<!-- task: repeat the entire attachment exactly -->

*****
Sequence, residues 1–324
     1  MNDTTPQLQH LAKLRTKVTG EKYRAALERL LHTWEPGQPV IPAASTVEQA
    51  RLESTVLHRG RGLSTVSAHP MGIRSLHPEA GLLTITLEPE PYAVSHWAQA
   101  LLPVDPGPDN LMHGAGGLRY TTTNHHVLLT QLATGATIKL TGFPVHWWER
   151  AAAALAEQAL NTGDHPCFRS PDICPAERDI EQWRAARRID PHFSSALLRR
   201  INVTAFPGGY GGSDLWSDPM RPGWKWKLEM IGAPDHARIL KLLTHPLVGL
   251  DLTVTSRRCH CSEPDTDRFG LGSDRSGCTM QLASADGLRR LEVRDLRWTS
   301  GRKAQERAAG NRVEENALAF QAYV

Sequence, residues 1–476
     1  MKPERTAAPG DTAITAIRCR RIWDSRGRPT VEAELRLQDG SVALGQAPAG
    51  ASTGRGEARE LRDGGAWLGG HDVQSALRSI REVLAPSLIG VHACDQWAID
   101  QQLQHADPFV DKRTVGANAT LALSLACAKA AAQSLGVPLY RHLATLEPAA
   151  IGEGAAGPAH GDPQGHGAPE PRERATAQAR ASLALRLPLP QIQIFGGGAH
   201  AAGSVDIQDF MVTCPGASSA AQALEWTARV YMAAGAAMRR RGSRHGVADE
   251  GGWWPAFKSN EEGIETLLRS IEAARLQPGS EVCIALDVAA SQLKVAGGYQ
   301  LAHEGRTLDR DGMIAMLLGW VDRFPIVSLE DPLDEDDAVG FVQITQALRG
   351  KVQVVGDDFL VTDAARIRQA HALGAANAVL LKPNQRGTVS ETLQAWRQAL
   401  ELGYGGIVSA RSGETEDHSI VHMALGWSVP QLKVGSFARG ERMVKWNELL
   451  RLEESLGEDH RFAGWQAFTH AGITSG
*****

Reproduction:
Sequence, residues 1–324
     1  MNDTTPQLQH LAKLRTKVTG EKYRAALERL LHTWEPGQPV IPAASTVEQA
    51  RLESTVLHRG RGLSTVSAHP MGIRSLHPEA GLLTITLEPE PYAVSHWAQA
   101  LLPVDPGPDN LMHGAGGLRY TTTNHHVLLT QLATGATIKL TGFPVHWWER
   151  AAAALAEQAL NTGDHPCFRS PDICPAERDI EQWRAARRID PHFSSALLRR
   201  INVTAFPGGY GGSDLWSDPM RPGWKWKLEM IGAPDHARIL KLLTHPLVGL
   251  DLTVTSRRCH CSEPDTDRFG LGSDRSGCTM QLASADGLRR LEVRDLRWTS
   301  GRKAQERAAG NRVEENALAF QAYV

Sequence, residues 1–476
     1  MKPERTAAPG DTAITAIRCR RIWDSRGRPT VEAELRLQDG SVALGQAPAG
    51  ASTGRGEARE LRDGGAWLGG HDVQSALRSI REVLAPSLIG VHACDQWAID
   101  QQLQHADPFV DKRTVGANAT LALSLACAKA AAQSLGVPLY RHLATLEPAA
   151  IGEGAAGPAH GDPQGHGAPE PRERATAQAR ASLALRLPLP QIQIFGGGAH
   201  AAGSVDIQDF MVTCPGASSA AQALEWTARV YMAAGAAMRR RGSRHGVADE
   251  GGWWPAFKSN EEGIETLLRS IEAARLQPGS EVCIALDVAA SQLKVAGGYQ
   301  LAHEGRTLDR DGMIAMLLGW VDRFPIVSLE DPLDEDDAVG FVQITQALRG
   351  KVQVVGDDFL VTDAARIRQA HALGAANAVL LKPNQRGTVS ETLQAWRQAL
   401  ELGYGGIVSA RSGETEDHSI VHMALGWSVP QLKVGSFARG ERMVKWNELL
   451  RLEESLGEDH RFAGWQAFTH AGITSG